EARLIEST KNOWN COMPLETE NERVOUS SYSTEM DISCOVERED Extinct ‘Mega Claw’ Creature Had Spider-Like Brain October 16, 2013 - University of Arizona news release
A team of researchers led by University of Arizona Professor Nick Strausfeld and London Natural History Museum’s Greg Edgecombe have discovered the earliest known complete nervous system, exquisitely preserved in the fossilized remains of a never-before described arthropod that crawled or swam in the ocean 520 million years ago.
The find suggests that the ancestors of chelicerates – spiders, scorpions and their kin – branched off from the family tree of other arthropods – including insects, crustaceans and millipedes – more than half a billion years ago.
IMAGES Fossil of the megacheiran Alalcomenaeus, a distant relative of scorpions and spiders. (Photo: N. Strausfeld et al.)
Close-up of the head region of the Alalcomenaeus fossil specimen with superimposed colors, using a microscopy technique revealing the distribution of chemical elements in the fossil. // Copper shows up as blue, iron as magenta and the CT scans as green. The coincidence of iron and CT denote nervous system. The creature boasted two pairs of eyes (ball-shaped structures at the top). (Photo: N. Strausfeld/UA)
Illustration of the nervous systems of the Alalcomenaeus fossil (left), a larval horseshoe crab (middle) and a scorpion (right). Diagnostic features revealing the evolutionary relationships among these animals include the forward position of the gut opening in the brain and the arrangement of optic centers outside and inside the brain supplied by two pairs of eyes. (Illustration: N. Strausfeld/UA)
You are the books you read, the films you watch, the music you listen to, the people you meet, the dreams you have, and the conversations you engage in. You are what you take from these. You are the sound of the ocean, breath of the fresh air, the brightest light and the darkest corner. You are a collective of every experience you have had in your life. You are every single second of every day. So drown yourself in a sea of knowledge and existence. Let the words run through your veins and the colours fill your mind until there is nothing left to do but explode.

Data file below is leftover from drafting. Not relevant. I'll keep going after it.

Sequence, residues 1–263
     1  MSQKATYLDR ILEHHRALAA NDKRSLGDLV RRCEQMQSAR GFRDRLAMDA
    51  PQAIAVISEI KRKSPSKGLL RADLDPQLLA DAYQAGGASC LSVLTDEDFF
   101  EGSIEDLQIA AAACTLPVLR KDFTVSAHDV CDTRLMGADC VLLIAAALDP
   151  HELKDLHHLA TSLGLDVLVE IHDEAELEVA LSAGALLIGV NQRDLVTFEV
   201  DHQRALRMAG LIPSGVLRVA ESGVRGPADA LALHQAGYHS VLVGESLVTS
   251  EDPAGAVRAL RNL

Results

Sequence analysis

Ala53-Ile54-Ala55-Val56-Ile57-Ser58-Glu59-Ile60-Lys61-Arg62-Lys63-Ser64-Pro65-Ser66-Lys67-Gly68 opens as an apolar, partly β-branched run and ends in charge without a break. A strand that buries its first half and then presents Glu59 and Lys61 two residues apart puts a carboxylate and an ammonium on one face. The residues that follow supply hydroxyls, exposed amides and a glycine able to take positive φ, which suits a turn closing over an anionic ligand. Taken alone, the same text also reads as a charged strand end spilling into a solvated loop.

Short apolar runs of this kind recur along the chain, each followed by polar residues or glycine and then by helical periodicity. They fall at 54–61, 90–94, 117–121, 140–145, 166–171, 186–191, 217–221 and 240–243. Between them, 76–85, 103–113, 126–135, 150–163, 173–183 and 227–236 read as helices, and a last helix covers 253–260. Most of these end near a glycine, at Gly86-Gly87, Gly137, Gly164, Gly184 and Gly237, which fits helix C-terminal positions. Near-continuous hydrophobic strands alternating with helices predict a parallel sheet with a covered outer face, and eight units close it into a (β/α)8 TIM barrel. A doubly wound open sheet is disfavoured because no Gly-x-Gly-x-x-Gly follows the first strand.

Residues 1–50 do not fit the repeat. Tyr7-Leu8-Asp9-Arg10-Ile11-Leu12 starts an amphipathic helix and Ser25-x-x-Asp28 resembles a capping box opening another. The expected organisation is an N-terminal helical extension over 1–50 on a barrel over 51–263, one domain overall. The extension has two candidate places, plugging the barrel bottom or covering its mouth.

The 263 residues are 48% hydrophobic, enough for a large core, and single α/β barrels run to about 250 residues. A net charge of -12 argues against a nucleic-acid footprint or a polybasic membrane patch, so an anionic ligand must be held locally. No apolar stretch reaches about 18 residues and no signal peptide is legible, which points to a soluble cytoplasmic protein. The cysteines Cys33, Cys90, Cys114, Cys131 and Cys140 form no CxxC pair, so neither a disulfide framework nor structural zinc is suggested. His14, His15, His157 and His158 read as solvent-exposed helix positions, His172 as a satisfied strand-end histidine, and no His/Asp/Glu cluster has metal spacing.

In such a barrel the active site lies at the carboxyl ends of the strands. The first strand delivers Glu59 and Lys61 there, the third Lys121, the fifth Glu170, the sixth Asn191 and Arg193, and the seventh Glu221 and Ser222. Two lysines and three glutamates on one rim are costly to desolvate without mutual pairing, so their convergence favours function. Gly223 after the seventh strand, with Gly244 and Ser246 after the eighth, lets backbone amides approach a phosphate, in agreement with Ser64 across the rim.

A mushroom-shaped sea animal discovered off the Australian coast has defied classification in the tree of life.
A team of scientists at the University of Copenhagen says the tiny organism does not fit into any of the known subdivisions of the animal kingdom.
Such a situation has occurred only a handful of times in the last 100 years…
The authors of the article note several similarities with the bizarre and enigmatic soft-bodied life forms that lived between 635 and 540 million years ago - the span of Earth history known as the Ediacaran Period.
These organisms, too, have proven difficult to categorise and some researchers have even suggested they were failed experiments in multi-cellular life…
Dendrogramma, New Genus, with Two New Non-Bilaterian Species from the Marine Bathyal of Southeastern Australia (Animalia, Metazoa incertae sedis) – with Similarities to Some Medusoids from the Precambrian Ediacara
A new genus, Dendrogramma, with two new species of multicellular, non-bilaterian, mesogleal animals with some bilateral aspects, D. enigmatica and D. discoides, are described from the south-east Australian bathyal (400 and 1000 metres depth). A new family, Dendrogrammatidae, is established for Dendrogramma. These mushroom-shaped organisms cannot be referred to either of the two phyla Ctenophora or Cnidaria at present, because they lack any specialised characters of these taxa. Resolving the phylogenetic position of Dendrogramma depends much on how the basal metazoan lineages (Ctenophora, Porifera, Placozoa, Cnidaria, and Bilateria) are related to each other, a question still under debate. At least Dendrogramma must have branched off before Bilateria and is possibly related to Ctenophora and/or Cnidaria.Dendrogramma, therefore, is referred to Metazoa incertae sedis. The specimens were fixed in neutral formaldehyde and stored in 80% ethanol and are not suitable for molecular analysis. We recommend, therefore, that attempts be made to secure new material for further study. Finally similarities between Dendrogramma and a group of Ediacaran (Vendian) medusoids are discussed.
Four thousand million years on, what was to be the fate of the ancient replicators? They did not die out, for they are past masters of the survival arts. But do not look for them floating loose in the sea; they gave up that cavalier freedom long ago.
Now they swarm in huge colonies, safe inside gigantic lumbering robots, sealed off from the outside world, communicating with it by tortuous indirect routes, manipulating it by remote control.
They are in you and in me; they created us, body and mind; and their preservation is the ultimate rationale for our existence. They have come a long way, those replicators.
Now they go by the name of genes, and we are their survival machines.
…a genus of giant amoebae that are found worldwide. Members of Chaos are usually found freshwater swamps and marshes. They can grow quite large with the largest species reaching lengths of 5mm, although most species range between 1 and 3mm. Like other amoebae members of Chaos are heterotrophs and will take in algae, bacteria, protists, and even some invertebrates via phagocytosis.
Members of the genus closely resemble the genus Amoeba and share their general morphology. However members of Amoeba have a single nucleus, and members of Chaos can have as many as a thousand nuclei.